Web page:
Fargo Opening Titles Analysis

As we’ve gone through the film to analysis the story, a striking importance to most visual narratives is to effectively communicate it’s themes, style and infer to the story in the opening scene. This analysis details my own interpretation set by the introduction and justified with the themes of Fargo, set out by many academic writings.

 

 

Before the setting is established, a short statement greets the audience that the narrative is based on true events. While the film itself is loosely inspired by real world events, the narrative itself is completely fictional. In the culture of cinema, and especially present in the horror genre and found-footage subgenre, claiming that a film is ‘based on true events’ serves a psychological purpose of reminding the audience that what they see is real. The effect is that the drama becomes more objective and shocking as we compare it to real world possibilities, inferring to a more frightening realization. Levan believes the contradiction is not only to suggest the brutality of it’s violence, but also to inject a dry sense of humour (2000, pp. 6). In Fargo, the disclaimer gives more authenticity to the ‘social realist’ aesthetic the film conveys in order to reinforce the illusion that what the viewer is watch is indeed real. Levan reinforces this point as she argues that Fargo uses the forms of ‘documentary reconstruction’ within it’s rather ‘objective’ style (2000, pp. 41), hence informing the viewer that the story is from a detective’s report. In short, by claiming the story is real, the audience can accept to plausibility of the events that are about to unfold. It also further heightens the neo-noir style, as the events of the film can be portrayed as a reenactment of a real murder case. The summary introduces the emotional impact as the audience is led to suspect a nihilistic and rather chaotic outcome – it foreshadows the negative tone the film’s narrative sets.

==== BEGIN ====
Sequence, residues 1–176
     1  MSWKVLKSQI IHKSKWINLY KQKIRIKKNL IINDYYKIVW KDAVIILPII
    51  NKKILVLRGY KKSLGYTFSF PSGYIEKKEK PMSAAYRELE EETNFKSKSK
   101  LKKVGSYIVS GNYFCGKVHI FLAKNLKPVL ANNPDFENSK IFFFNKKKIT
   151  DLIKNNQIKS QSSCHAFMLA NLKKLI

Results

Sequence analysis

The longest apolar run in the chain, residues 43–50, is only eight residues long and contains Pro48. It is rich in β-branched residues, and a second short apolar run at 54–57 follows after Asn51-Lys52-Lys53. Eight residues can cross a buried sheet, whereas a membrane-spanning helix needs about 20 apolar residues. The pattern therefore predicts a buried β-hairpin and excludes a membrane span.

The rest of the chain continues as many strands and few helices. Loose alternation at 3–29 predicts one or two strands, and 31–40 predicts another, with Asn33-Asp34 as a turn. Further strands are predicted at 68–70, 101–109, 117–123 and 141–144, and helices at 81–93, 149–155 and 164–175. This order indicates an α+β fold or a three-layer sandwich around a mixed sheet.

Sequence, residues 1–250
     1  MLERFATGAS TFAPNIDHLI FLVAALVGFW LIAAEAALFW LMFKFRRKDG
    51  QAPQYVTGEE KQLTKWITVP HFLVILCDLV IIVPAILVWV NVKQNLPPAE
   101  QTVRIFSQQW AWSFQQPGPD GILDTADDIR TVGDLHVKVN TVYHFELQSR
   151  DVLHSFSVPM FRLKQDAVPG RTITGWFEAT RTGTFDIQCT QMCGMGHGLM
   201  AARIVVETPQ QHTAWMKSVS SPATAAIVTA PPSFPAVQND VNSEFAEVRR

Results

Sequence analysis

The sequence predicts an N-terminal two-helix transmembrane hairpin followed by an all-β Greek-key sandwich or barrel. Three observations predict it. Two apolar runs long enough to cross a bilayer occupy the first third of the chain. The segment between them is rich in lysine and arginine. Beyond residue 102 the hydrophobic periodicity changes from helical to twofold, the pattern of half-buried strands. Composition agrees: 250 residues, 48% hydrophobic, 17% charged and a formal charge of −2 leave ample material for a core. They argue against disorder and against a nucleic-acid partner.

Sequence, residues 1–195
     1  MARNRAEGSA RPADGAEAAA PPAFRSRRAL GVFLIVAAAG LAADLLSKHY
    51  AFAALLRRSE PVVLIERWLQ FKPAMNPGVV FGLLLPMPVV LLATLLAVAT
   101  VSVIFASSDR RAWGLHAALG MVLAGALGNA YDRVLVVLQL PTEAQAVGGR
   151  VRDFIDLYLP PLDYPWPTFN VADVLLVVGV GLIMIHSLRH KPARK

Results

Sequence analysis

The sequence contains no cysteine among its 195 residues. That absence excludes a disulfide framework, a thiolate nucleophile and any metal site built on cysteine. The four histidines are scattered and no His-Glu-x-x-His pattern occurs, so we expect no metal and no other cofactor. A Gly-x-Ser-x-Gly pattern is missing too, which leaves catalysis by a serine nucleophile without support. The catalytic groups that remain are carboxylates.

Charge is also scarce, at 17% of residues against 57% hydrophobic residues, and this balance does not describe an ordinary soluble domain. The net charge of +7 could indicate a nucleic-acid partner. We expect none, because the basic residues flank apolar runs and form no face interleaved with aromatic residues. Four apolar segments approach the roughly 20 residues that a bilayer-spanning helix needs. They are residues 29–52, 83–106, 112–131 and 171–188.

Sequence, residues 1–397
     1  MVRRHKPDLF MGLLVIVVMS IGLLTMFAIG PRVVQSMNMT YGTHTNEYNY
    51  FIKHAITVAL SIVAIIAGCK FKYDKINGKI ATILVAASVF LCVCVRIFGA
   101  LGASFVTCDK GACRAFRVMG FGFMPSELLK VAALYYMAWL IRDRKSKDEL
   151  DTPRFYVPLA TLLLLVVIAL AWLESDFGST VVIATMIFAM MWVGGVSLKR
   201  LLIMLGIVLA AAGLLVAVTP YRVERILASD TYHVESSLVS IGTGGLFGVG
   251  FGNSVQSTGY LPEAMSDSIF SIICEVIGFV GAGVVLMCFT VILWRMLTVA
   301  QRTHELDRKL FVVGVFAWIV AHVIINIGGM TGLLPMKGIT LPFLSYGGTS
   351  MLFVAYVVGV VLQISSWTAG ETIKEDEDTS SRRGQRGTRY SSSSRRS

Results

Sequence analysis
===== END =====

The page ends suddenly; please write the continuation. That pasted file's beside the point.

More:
Musically, the mellow and fantasia soundtrack adds a calmness the audience can relate with snow. When an individual imagines snow following, it’s graceful and has a dreamlike quality to it. Tom Burton’s fantasy Edward Scissorhands, released 6 years prior to Fargo, captures this imagery as the show represents the aesthetic of a fairytale. Furthermore, the soundtrack serves as an ironic transition as well as misleads the audience by easing them into the visuals.  The reality however, is the first fade into Fargo shows simple the sky, or what they assume is the sky until a bird flying onscreen confirms this. The overlap transition to a vehicle in the distance becomes the film’s establishing shot. As the snow wipes over the landscape, the distinction between the sky and the land is almost unrecognizable which effectively manifests the baron, desolate setting of Fargo. The lack of details or interesting imagery is encapsulates the bleak and moody feel of the narrative. The audience understands the harshness of the weather and the coldness surrounding the characters. Essentially, the audience becomes part of the world as they are now trapped in an uneventful and tedious landscape. Unlike traditional Hollywood dramatic introductions, Fargo sets it’s slow pace and dry tone in a near colorless extreme long shot. As a result, the music becomes more depressing to synchronise with the mood set in the opening scene. Levan further highlights that the music dictates the mood of ‘solemn and forboding’ while the images ‘impart a feeling of chill, isolation and loneliness’ (2000, pp. 27), like Vogler states, it cues that something bad is going to happen.